San Francisco, CA—The strategy of treat-to-target (T2T) is paying off for patients with rheumatoid arthritis (RA) in daily clinical practice, according to a study presented at the 2015 annual meeting of the American College of Rheumatology (ACR). T2T of remission or low disease activity leads to longer sustained, higher rates of, and faster times to remission, the study shows.
These findings were released soon after the 2015 updated ACR guidelines for RA endorsed a T2T strategy. This approach is already in widespread use in many countries.
“Intuitively, we would expect the strategy of T2T to remission or low disease activity to lead to better outcomes, but this has not been formally tested. Our study shows that T2T works, leading to higher rates of remission, longer duration of sustained remission, and longer time to remission,” said lead author Sofia Ramiro, MD, PhD, of Leiden University Medical Center in the Netherlands.
“The findings are not surprising, but they are confirmatory,” she added.
The RA BIODAM study included 539 patients followed over 2 years for a total of 3084 patient visits. Average age was 56 years; 76% were female; median duration of RA was 6 years; and 49% had never taken a disease-modifying antirheumatic drug (DMARD).
Patients were switched to or given a DMARD, an anti–tumor necrosis factor biologic, or both, and were seen by a doctor every 3 months for 2 years. Those visits were considered T2T when the Disease Activity Score in 28 joints (DAS28) was ≤3.2, signifying remission, and treatment was unchanged, or when the DAS28 score was >3.2 and treatment was intensified. A visit was not considered T2T if the DAS28 was >3.2 and treatment was not intensified.
At every 3 months, outcomes assessed were ACR/EULAR (European League Against Rheumatism) remission, DAS28 remission (<2.6), DAS28 low disease activity (<3.2), and remission by Clinical Disease Activity Index and the Simplified Disease Activity Index criteria.
In 68% of visits, a T2T strategy was aimed at remission, a DAS28 of <2.6, whereas in 79% of visits, a T2T strategy was aimed at low disease activity, a DAS28 of <3.2.
Patients following T2T for ACR/EULAR remission were 52% more likely to achieve remission versus those who were not being treated to this target. Both T2T strategies (ie, target of remission or low disease activity) led to lower disease activity. Patients who had not received DMARDs prior to the study were more likely to achieve remission on T2T compared with those who had taken them.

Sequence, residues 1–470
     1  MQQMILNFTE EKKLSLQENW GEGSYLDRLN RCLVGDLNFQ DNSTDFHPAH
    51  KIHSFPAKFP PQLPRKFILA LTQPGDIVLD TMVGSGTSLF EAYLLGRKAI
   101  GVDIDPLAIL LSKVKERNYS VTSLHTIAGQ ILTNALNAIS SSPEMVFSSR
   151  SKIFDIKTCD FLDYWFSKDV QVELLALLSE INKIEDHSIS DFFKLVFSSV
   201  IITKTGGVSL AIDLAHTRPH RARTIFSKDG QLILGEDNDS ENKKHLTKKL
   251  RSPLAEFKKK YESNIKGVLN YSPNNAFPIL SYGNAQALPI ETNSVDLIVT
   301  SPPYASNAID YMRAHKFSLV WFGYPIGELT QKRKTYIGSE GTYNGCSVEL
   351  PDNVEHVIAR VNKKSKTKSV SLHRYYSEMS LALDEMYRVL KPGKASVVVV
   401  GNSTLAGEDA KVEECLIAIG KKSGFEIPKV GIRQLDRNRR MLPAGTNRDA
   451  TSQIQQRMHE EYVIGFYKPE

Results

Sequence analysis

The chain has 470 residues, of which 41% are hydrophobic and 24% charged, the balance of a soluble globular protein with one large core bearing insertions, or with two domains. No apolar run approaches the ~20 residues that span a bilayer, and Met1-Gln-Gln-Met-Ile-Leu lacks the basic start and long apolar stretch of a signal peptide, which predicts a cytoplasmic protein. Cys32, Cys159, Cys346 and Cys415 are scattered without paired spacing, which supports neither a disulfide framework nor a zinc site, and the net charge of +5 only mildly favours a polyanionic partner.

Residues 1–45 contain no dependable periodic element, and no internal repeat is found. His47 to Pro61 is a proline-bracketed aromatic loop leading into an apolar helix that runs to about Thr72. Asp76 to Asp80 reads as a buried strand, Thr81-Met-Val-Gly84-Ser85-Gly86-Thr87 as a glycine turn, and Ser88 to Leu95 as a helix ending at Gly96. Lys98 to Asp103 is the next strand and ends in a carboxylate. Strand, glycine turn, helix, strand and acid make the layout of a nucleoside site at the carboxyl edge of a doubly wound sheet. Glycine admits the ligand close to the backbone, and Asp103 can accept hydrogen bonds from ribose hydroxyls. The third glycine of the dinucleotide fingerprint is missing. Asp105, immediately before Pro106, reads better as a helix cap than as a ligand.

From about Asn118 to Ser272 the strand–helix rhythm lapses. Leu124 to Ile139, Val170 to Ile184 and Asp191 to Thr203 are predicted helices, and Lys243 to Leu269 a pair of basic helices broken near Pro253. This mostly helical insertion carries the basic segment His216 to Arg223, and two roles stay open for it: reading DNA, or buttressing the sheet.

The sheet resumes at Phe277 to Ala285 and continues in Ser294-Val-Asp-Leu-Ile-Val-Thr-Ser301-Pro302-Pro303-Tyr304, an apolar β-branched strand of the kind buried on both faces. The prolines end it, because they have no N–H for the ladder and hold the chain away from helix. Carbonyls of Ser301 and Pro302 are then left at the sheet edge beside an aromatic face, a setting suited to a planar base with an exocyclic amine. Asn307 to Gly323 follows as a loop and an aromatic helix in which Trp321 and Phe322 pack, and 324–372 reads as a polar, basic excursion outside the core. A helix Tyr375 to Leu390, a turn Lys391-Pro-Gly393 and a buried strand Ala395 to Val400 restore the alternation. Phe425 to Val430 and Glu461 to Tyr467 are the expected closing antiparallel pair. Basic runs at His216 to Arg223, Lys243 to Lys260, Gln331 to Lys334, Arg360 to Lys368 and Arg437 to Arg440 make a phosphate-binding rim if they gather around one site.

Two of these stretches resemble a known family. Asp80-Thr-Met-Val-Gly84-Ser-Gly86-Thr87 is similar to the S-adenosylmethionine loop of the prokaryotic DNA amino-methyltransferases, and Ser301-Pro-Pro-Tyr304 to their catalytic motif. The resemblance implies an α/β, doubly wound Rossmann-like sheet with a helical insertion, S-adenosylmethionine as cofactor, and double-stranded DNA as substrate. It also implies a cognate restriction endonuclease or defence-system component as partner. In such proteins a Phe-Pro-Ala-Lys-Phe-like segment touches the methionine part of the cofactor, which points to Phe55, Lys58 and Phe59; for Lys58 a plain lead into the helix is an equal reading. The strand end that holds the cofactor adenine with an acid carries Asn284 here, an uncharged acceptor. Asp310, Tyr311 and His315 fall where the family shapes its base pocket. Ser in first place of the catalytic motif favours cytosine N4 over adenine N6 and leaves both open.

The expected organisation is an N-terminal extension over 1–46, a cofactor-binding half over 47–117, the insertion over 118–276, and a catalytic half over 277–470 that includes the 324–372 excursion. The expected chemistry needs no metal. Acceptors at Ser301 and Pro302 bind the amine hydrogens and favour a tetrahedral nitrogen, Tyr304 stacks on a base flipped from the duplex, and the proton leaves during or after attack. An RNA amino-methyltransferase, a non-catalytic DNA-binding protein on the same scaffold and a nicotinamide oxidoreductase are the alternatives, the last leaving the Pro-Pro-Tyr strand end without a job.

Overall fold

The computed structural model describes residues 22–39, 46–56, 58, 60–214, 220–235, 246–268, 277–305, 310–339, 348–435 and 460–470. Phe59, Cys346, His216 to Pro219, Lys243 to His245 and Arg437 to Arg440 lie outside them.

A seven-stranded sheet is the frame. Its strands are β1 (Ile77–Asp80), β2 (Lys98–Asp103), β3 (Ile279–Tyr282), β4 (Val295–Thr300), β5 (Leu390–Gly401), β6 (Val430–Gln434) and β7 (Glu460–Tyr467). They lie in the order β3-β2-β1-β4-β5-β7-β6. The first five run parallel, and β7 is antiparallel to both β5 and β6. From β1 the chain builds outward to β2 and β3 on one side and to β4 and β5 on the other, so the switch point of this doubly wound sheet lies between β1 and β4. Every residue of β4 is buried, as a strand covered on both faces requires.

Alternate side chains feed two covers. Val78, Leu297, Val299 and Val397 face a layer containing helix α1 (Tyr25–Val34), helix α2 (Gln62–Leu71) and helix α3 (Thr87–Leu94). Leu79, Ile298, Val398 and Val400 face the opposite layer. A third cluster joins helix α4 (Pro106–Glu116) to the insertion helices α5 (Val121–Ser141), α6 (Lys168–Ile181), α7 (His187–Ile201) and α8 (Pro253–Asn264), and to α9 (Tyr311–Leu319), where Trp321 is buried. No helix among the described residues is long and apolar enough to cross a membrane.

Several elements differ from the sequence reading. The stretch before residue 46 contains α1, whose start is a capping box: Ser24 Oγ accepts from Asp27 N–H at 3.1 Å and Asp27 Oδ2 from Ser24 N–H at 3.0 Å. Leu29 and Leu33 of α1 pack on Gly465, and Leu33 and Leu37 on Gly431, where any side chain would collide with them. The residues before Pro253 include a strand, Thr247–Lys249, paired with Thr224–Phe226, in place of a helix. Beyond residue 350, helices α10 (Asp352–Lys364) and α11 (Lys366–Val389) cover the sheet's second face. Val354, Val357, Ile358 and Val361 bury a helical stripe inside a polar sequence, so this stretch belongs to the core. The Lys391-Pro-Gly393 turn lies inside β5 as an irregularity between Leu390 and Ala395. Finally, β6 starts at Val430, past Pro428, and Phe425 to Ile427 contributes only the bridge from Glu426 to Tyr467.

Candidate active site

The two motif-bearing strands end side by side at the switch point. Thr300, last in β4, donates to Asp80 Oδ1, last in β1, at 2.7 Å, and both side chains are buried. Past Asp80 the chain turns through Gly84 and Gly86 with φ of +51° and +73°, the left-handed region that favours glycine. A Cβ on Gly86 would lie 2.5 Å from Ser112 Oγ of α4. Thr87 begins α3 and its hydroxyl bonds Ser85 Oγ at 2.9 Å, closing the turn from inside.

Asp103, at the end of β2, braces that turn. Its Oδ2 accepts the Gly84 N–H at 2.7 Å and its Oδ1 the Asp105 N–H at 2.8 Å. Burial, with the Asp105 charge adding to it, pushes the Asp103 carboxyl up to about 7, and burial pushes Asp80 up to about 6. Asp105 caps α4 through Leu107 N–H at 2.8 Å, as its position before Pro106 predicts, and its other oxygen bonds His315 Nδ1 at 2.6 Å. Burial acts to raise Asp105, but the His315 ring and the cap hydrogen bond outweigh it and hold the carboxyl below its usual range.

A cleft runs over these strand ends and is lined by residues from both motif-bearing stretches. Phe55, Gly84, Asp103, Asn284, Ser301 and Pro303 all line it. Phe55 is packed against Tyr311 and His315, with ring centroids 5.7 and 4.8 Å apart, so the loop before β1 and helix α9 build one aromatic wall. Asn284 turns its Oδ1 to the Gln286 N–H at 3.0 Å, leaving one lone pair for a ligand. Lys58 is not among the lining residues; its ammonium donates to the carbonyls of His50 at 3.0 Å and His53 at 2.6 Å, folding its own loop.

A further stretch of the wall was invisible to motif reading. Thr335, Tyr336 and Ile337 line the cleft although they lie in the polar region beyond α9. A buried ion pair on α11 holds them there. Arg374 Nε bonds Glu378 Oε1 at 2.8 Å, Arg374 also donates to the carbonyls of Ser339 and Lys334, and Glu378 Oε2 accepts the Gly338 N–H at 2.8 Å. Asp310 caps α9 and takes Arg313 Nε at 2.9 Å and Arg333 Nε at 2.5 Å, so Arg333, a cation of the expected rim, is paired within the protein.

The rate of sustained remission (ie, at least 6 months) was 64% higher in those managed by T2T.
Patients in the T2T group achieved remission 3.7 times faster compared with those not following this strategy.
Dr Ramiro and colleagues plan to look at structural damage in this patient cohort by assessing radiographs obtained every 6 months and scored. The goal will be to determine if following T2T leads to less damage.
“Our impression from this research is that rheumatologists are treating toward targets of low disease activity rather than remission. In one-third of visits, treatment was not intensified even if the patient did not achieve remission,” she said.
“Treatment intensification was seen more frequently with a higher DAS28 score. Perhaps doctors are satisfied with DAS28 of 3.2. The doctors do not aim for a target of remission when low disease activity is reached.”
“A T2T approach, even with a modest benchmark of low disease activity [DAS28 <3.2], works immediately and leads to higher remission rates. T2T is more effective in DMARD-naive patients than in DMARD-experienced patients, and rheumatologists should be encouraged to follow a T2T approach to improve the outcome of their patients,” Dr Ramiro stated.
The RA BIODAM study was funded by AbbVie.
Ramiro S, Landewé RBM, van der Heijde D, et al. Is treat-to-target really working? A longitudinal analysis in Biodam. Presented at: 2015 American College of Rheumatology Annual Meeting; November 7-11, 2015; San Francisco, CA. Abstract 3184.